What Other Factors Affect how Gorilla Teeth Have Evolved?

Mountain Gorilla (Gorilla beringei beringei) - yawning in forest

This female Mountain gorilla does not have the large canines of her male counterparts


There is a marked difference in tooth size between male and female gorillas within the same species. This is called sexual dimorphism and is the result of an evolutionary force called sexual selection. Sexual dimorphism is when there is a distinct characteristic that differs between sexes of the same species. This happens over evolutionary time within a species when there is competition amongst one sex for mating opportunities with the opposite sex.

peacock with feathers spread

Male peacocks have large colorful tail feathers necessary for winning mates


For example, in peafowl, males must compete for mating opportunities with females. Males with more elaborate tail feathers are chosen by females as suitable mates more frequently and therefore reproduce more. Over several generations, elaborately tailed peacocks will have the most offspring and there will be more fancy tails in each consecutive generation. The average male tail will evolve to be increasingly large and colorful as long as it provides a selective advantage that helps them win female mates.

Similar to peafowl, in gorillas there is competition amongst males for dominance and access to females. Gorillas most often live in harems which consist of a single dominant male with several reproductive females. Male gorillas that are large bodied with large canine teeth are better able to protect the females in their harem from smaller males and will be more attractive mates. The larger male will then likely be more successful reproducing than smaller males. Genes for large bodies and large canines therefore pass on to the next generation with greater frequency than genes for small bodies and male gorillas evolve sexually dimorphic characteristics over time. There is not significant sexual dimorphism present in human teeth.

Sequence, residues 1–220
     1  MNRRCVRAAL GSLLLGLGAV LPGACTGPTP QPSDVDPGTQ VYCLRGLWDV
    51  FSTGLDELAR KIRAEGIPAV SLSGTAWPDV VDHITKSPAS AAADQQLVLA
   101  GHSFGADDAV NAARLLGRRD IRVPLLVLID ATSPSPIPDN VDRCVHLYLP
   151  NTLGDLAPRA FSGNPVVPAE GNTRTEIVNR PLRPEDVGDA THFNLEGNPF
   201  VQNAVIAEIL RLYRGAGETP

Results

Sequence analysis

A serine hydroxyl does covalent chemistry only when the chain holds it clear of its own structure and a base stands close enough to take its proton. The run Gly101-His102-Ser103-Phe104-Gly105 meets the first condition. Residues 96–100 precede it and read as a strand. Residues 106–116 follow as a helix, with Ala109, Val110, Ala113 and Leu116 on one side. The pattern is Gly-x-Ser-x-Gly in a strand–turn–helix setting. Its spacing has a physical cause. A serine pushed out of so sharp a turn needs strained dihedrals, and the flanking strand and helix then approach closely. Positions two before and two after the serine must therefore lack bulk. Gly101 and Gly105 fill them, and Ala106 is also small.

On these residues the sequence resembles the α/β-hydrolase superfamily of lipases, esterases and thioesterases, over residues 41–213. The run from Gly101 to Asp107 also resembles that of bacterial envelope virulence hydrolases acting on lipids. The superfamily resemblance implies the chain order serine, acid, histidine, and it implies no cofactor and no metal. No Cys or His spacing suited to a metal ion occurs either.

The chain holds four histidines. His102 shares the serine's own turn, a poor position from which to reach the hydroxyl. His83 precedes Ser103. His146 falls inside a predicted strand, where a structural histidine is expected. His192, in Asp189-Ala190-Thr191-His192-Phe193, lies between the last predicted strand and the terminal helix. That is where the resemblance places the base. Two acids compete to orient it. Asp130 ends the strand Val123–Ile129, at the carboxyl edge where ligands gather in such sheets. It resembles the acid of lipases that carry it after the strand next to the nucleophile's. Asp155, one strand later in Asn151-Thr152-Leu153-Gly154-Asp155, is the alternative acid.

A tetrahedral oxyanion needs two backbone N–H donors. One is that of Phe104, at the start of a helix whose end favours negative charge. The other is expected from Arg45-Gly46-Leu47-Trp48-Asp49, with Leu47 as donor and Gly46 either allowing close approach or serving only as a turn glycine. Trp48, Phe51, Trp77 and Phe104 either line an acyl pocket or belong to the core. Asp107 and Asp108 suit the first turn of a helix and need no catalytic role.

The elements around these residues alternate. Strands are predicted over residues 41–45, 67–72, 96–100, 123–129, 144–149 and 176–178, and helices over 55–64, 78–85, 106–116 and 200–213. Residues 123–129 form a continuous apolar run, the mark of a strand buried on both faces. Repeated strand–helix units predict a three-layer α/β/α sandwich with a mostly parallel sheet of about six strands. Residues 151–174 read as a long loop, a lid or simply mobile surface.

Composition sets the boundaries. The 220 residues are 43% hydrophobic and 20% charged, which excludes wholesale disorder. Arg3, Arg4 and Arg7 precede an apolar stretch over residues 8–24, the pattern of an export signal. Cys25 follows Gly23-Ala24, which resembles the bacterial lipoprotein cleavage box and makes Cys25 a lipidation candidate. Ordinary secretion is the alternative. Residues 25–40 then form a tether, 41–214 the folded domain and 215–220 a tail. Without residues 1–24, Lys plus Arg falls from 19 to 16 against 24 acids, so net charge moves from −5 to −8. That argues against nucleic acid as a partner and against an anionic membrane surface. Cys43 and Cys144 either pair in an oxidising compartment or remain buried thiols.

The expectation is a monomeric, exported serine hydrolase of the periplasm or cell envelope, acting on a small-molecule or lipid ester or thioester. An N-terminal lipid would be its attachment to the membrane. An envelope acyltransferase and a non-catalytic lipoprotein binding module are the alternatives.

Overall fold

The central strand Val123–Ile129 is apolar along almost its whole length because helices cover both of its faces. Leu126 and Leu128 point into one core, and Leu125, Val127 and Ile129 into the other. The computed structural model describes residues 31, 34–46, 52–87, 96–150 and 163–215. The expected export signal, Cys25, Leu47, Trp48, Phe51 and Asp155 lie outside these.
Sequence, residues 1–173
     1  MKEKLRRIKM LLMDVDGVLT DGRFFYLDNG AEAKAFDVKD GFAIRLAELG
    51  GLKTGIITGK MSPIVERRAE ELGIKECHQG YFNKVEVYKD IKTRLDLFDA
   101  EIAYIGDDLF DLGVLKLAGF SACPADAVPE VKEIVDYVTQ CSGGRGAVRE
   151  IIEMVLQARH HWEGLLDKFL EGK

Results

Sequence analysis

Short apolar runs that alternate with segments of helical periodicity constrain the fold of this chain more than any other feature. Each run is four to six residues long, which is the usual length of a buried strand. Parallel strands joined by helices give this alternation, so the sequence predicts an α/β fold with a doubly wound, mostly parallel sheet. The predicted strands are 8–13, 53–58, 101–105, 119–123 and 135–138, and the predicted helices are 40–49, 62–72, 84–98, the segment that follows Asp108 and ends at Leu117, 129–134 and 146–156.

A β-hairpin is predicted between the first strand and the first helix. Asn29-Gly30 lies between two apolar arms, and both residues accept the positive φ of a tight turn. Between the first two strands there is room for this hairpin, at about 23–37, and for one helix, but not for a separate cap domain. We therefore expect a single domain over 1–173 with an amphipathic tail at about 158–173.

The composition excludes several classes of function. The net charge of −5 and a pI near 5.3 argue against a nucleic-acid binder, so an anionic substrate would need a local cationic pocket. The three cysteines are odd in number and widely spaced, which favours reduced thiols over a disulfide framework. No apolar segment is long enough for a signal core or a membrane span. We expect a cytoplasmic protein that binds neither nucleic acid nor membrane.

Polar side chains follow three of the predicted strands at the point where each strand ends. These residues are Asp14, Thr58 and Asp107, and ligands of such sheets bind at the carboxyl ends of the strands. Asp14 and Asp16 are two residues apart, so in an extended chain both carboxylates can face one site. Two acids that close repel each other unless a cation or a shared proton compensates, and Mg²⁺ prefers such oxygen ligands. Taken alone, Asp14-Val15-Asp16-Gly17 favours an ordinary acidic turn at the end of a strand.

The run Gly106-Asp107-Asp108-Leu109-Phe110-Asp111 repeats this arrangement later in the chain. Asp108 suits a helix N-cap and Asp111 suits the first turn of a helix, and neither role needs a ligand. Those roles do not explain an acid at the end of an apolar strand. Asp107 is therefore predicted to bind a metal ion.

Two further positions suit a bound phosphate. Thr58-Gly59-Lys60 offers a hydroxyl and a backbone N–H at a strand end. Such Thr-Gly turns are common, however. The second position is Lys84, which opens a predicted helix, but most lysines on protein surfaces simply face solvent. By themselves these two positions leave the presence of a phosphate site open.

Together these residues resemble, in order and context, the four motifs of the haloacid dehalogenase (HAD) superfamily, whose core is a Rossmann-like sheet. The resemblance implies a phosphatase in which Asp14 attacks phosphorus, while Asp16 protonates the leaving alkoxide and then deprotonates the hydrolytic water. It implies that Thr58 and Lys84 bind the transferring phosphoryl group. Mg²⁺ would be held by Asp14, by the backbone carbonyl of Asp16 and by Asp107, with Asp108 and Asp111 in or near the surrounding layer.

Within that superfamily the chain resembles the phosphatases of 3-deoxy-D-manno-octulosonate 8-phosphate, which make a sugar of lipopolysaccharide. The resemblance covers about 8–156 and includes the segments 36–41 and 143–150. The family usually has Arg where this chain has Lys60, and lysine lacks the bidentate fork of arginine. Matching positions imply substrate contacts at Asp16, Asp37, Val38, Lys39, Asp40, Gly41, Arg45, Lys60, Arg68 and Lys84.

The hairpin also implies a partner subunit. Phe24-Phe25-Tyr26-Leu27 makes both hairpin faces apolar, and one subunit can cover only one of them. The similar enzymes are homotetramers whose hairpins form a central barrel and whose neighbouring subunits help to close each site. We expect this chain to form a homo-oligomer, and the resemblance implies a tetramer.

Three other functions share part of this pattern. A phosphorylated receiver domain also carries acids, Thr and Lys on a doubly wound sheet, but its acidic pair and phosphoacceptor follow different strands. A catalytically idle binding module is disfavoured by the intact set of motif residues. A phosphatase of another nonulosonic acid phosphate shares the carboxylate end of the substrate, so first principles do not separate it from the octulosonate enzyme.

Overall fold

How Big are Gorilla Teeth?

Gorilla - Gorilla Howling and Showing Teeth

Male gorillas have very large canine teeth


On average, male gorilla canine teeth are two inches long! Female canines do not grow as long. Gorillas have 32 teeth, just like humans. These teeth include molars, premolars, canines, and incisors. Gorillas also have the same dental formula as humans which means they have the same distribution of these different types of teeth. The common dental formula of the great ape species is 2:1:2:3 meaning that counting from the middle front tooth, there are two incisors, one canine, two premolars, and three molars on each side of the mouth on the top and bottom.

Tooth size varies amongst gorilla species. Eastern lowland gorillas have larger teeth than Western lowland gorillas and mountain gorillas. The morphology, or shape, of their teeth varies by species as well. For example, the proportions of molar cusp size on Western lowland gorillas and mountain gorillas are significantly different. To read more about tooth size and shape amongst the different gorilla species, check out this article.

Some Fun Facts!

White Animals - White Squirrel

Albinism occurs throughout the animal kingdom and is characterized by lack of pigment often in the skin, eyes, and hair or fur

©Christine Bird/Shutterstock.com

One fun fact is that there is an ancient ape species called Chororapithecus that was identified solely based on fossilized teeth. This species existed approximately 8 million years ago and was discovered during a 2005-2007 expedition. Interestingly, the teeth are remarkably similar in size and shape to modern gorilla teeth!

Another fun fact is that the only known albino gorilla was a Western lowland gorilla named Snowflake. He was captured in Spanish Guinea in 1966 and lived to be 38 years old, dying in 2003. Snowflake had oculocutaneous albinism causing lack of pigment in the eyes, skin, and hair. Snowflake fathered 22 offspring but none of them were albino.

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About the Author

Jesse Elop is a graduate from the University of Oregon now working at the University of Washington National Primate Research Center. He is passionate about wildlife and loves learning about animal biology and conservation. His favorite animals- besides his pup, Rosie- are zebras, mandrills, and bonobos. Jesse's background in biology and anthropology have supplied him with many fun facts that might just pop up in some of his articles!